Alumnus Ben Funk was a key figure in U.S. space program
January 25, 2012
Retired U.S. Air Force Major Gen. Ben Funk, a commanding officer in World War II and a key figure in developing America's ballistic missile program and launching the Mercury and Gemini spacecraft, died Jan. 21—three months before his 99th birthday—at his home in Long Beach, Calif.
Born Ben Ivan Funk in Wray, Colo., on April 21, 1913, he entered the University of Denver in 1932. After experiencing the thrill of flying in a Fokker Trimotor during a fraternity event, Ben decided to leave college to become a pilot, entering the Army Air Corps flight school in 1935 and earning his wings in 1936 at Randolph-Kelly Field in Texas.
In 1939, on a tour of Paramount Studios in Hollywood, Ben met Judy King, a young actress who became his wife and lifelong love until her death in 1994. They are survived by their two children, Judith Funk Albert and John Christian Funk.
At the beginning of World War II, Ben flew numerous missions in his B-24 bomber, nicknamed "Bag of Bolts," to evacuate American and British citizens from the Philippines and Java. Returning to the U.S. during the war, Ben played a pivotal role in improving the B-17 and B-24 and developing the B-29 Superfortress. In 1945, then-Col. Funk led a group of 2,000 men in 45 B-29s to Okinawa for the bombing of Japan.
In 1948, Ben earned a bachelor of science degree from the Air Force Institute of Technology. He graduated from the advanced management program at Harvard Business School in 1949. From 1951-54, having earned his first star, Ben commanded Erding Air Depot in southern Germany. It was there that Ben and Judy conceived "Operation Christmas," a U.S. military program that provided gifts and meals to thousands of war orphans throughout Bavaria.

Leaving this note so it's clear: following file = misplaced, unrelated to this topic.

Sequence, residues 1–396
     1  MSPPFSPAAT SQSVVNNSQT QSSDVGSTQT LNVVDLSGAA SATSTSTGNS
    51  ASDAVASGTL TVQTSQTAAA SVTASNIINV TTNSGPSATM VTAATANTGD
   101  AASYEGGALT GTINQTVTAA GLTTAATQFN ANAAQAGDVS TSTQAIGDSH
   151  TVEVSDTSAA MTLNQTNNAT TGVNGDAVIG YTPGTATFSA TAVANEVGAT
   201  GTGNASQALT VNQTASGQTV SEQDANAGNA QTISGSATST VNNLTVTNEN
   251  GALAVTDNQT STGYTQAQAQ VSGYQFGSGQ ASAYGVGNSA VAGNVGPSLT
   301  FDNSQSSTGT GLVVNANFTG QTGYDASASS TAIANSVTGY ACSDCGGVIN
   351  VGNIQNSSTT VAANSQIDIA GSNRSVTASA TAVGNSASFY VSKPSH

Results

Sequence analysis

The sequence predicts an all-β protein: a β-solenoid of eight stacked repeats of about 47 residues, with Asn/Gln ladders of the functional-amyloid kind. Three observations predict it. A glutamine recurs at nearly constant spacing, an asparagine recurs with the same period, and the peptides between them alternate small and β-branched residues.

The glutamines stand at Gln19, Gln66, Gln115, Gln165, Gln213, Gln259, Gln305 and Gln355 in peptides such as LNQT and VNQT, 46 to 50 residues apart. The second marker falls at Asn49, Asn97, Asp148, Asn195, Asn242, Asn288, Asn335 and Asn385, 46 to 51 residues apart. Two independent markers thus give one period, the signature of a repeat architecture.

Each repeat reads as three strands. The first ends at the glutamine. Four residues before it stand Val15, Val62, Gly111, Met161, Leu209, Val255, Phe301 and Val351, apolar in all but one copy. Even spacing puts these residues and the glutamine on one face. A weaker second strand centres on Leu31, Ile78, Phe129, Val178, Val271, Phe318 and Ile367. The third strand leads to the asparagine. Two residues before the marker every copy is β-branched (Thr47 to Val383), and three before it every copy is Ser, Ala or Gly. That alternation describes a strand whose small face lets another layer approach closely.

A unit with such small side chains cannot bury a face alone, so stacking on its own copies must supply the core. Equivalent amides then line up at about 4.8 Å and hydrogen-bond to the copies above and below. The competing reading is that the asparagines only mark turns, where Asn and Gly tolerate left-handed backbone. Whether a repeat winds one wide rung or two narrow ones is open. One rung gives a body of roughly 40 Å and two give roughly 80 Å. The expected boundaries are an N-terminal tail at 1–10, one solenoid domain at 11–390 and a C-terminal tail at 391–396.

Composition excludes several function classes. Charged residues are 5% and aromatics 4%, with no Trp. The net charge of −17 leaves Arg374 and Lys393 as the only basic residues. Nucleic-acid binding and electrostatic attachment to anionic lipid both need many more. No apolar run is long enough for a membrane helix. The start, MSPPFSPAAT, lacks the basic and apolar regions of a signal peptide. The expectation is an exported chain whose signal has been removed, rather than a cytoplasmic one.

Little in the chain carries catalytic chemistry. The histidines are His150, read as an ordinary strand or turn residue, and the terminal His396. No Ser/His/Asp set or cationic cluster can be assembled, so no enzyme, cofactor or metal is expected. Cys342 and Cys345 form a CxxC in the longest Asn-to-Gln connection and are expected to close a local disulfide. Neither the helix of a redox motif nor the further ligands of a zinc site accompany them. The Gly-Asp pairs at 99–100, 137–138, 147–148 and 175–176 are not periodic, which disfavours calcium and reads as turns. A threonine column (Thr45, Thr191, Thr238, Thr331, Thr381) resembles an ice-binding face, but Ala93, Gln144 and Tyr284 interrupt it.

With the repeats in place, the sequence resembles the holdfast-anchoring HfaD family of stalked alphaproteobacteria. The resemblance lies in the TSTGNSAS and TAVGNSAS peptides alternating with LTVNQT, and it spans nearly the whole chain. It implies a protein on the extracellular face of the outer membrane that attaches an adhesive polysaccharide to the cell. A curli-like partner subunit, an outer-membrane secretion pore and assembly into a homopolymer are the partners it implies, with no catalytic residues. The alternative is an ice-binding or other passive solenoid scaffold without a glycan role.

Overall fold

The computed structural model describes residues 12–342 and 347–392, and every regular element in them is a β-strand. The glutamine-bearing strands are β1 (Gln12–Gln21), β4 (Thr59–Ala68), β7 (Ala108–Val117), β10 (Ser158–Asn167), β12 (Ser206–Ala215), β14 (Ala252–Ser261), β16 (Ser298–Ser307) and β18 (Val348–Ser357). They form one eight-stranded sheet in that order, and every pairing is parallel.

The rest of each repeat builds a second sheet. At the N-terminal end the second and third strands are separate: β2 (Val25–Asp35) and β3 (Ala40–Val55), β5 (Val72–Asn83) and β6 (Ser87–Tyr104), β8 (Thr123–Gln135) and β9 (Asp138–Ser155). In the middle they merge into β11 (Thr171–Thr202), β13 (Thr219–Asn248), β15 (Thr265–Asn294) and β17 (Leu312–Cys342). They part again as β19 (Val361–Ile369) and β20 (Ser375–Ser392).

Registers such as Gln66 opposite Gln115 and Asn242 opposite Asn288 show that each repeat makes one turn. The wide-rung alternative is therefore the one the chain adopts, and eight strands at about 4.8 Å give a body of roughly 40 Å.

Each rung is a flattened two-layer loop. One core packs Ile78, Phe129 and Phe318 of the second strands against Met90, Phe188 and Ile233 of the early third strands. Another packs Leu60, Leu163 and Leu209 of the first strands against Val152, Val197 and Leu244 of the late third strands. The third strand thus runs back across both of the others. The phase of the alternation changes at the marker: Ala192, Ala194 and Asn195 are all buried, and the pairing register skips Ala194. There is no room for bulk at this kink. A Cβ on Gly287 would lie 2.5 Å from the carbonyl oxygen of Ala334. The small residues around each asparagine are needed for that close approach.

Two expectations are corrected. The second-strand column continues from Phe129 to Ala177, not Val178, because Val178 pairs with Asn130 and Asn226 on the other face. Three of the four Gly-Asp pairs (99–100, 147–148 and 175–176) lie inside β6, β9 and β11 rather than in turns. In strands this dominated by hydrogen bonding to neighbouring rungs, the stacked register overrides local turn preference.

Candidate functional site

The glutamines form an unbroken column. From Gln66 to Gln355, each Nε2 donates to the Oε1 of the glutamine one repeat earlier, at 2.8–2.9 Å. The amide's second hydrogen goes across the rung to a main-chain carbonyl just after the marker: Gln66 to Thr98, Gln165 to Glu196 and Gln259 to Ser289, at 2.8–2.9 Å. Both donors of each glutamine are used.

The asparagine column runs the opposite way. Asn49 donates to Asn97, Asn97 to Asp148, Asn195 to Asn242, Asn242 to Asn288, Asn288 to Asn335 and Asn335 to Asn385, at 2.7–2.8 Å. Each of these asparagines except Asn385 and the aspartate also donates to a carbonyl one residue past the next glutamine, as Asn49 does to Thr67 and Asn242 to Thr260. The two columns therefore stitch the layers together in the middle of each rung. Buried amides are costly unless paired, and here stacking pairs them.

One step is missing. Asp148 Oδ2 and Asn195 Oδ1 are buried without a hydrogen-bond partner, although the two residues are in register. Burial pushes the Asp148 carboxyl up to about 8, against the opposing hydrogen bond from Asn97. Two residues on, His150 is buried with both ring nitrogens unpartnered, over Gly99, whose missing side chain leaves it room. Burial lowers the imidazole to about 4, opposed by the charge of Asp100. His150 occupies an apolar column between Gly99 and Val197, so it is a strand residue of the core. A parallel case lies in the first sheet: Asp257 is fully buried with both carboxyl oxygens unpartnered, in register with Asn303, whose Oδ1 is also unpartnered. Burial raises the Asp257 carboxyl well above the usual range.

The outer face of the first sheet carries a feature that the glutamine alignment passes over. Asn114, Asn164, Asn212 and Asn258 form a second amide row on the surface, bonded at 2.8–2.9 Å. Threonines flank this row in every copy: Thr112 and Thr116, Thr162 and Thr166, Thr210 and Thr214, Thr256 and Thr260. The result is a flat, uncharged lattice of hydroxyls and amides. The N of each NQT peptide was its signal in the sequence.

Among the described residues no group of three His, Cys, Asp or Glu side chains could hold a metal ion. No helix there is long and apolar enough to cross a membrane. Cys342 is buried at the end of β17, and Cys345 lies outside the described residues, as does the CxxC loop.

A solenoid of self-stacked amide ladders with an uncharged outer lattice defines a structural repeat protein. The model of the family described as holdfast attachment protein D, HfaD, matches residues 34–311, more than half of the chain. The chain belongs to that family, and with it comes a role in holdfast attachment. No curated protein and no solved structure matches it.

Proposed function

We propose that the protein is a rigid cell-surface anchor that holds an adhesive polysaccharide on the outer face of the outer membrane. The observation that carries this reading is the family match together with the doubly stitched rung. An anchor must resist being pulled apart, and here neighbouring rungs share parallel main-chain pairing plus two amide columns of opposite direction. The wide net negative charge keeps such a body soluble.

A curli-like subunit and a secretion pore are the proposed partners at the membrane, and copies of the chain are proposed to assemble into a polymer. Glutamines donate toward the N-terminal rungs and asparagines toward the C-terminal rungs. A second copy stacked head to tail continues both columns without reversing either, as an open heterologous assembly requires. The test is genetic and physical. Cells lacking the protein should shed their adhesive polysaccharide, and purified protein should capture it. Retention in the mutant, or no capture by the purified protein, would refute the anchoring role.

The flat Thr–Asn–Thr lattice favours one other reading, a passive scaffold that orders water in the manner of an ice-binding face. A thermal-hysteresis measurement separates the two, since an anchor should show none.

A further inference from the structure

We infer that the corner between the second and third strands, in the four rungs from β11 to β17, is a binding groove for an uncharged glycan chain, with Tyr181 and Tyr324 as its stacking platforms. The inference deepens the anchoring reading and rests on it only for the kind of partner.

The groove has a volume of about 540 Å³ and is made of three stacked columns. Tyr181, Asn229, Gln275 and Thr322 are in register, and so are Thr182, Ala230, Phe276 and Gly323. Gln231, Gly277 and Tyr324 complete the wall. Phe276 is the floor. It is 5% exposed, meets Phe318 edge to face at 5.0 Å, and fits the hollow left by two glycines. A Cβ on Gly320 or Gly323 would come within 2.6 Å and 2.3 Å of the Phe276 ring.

As commander of the Ballistic Missile Center in Los Angeles from 1956 to 1960, Ben supported the development of America's first generation of ballistic missiles, the intermediate-range Thor and the long-range Atlas. He was the recipient of the first Missile Badge in 1958 and was promoted to major general in 1959.
Ben completed his career as commander of the Space Systems Division in Los Angeles from 1962 to 1966. His teams at Vandenberg Air Force Base and Cape Canaveral carried out missile launches at a rate that remains unsurpassed. Gen. Funk oversaw the development of the Titan III, which launched not only communications and military satellites, but also the Mercury and Gemini manned spacecraft. For these accomplishments, he received NASA's Space Achievement Award from President John F. Kennedy in 1963.
After retiring from the Air Force in 1966, Ben went on to 10 years as an executive at Lockheed Missiles and Space Corporation. After fully retiring, Ben and Judy enjoyed time traveling with their grandchildren throughout the United States, Canada and Mexico by Airstream trailer and on Princess Line cruises.
In the last 10 years of his life, Ben shared a home in Long Beach with his daughter Judy and her husband, Charlie Albert. During most of those years, Ben was able to travel and visit with his family, including his grandchildren, Cathy Schufreider, Christopher Cale, Matthew Funk, Allison Funk Fleischman, Jeff Albert and Karen Albert Radford. His other grandchild, Jennifer Funk Volpe, died in 2001. He is also survived by his great-grandchildren, Daniel, Emily, Madeleine, Natalie, Sarah and Jackson.
Ben Funk will be remembered as an honorable gentleman who lived up to his own advice: "Find something in life that you love to do." His passion was flying, and he was able to be a pilot one last time in 2005, when, at the age of 92, he flew a PBY Catalina over the hills of southern England.
Memorial services are pending. In lieu of flowers, donations can be sent to the Alzheimer's Association at www.alz.org or P.O. Box 96011, Washington, D.C. 20090-6011, or the University of Denver, Chancellor's Innovation Fund at P.O. Box 910585, Denver, CO 80291-0585.